Our non-U.S. growth was higher in the first period due to warmer weather in Europe than last year and better performance of our Russian product introductions. We are implementing product and freight increases as required to offset inflation across the business.

In the second quarter, we anticipate an improvement in the U.S. resulting in a sales increase of 5% to 6% for the total company. With these factors, our guidance for the second quarter earnings is $2.14 to $2.23 per share and for the full year $8 to $8.30 per share, excluding any restructuring charges. We remain positive about both our strategies to enhance Mohawk results and overall outlook for the floor covering industry this year. We are planning to increase capital investments across the enterprise to support the introduction of innovative products, increased capacity to sustain our growth, and drive productivity, efficiency and cost improvement. We remain focused on increasing shareholder value by driving our top line growth and improving our bottom line.

We will now be glad to take your questions.

Question-and-Answer Session

Operator

Thank you (Operator Instructions) Your first question comes from the line of Michael Rehaut with the JPMorgan. Mr. Rehaut your line is open. Please check your line to see if your line is muted first. Question withdrawn. Your next question comes from the line of David Goldberg with UBS.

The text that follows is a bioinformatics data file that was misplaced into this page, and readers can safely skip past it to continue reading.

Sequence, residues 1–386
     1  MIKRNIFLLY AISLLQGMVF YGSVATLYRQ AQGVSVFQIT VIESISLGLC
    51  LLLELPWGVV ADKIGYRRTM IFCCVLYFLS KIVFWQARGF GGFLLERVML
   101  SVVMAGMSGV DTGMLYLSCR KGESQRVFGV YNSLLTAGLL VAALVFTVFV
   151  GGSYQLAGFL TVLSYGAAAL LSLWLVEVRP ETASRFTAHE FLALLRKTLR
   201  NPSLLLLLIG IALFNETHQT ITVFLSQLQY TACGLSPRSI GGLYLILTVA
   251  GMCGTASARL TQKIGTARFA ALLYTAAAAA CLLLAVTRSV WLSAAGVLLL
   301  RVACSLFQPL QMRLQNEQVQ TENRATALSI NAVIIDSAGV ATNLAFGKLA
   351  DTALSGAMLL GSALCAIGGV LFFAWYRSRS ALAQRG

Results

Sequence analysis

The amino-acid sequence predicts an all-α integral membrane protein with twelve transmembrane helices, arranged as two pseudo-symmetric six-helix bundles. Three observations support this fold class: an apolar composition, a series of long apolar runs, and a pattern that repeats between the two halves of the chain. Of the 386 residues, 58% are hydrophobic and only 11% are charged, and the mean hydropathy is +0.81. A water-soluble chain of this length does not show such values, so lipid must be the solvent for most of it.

Unidentified Analyst

My name is actually Susan for David. You made mention to the fact that you have seen some improved traffic since the weather has turned, but that some of this is coming off of some increased promotional activity that you are doing. Can you just give us a little bit more color around the magnitude of the promotions that you are offering and maybe how they are working? Are you seeing people more inclined to move up in terms of price points as a result or what you are seeing?

Jeffrey S. Lorberbaum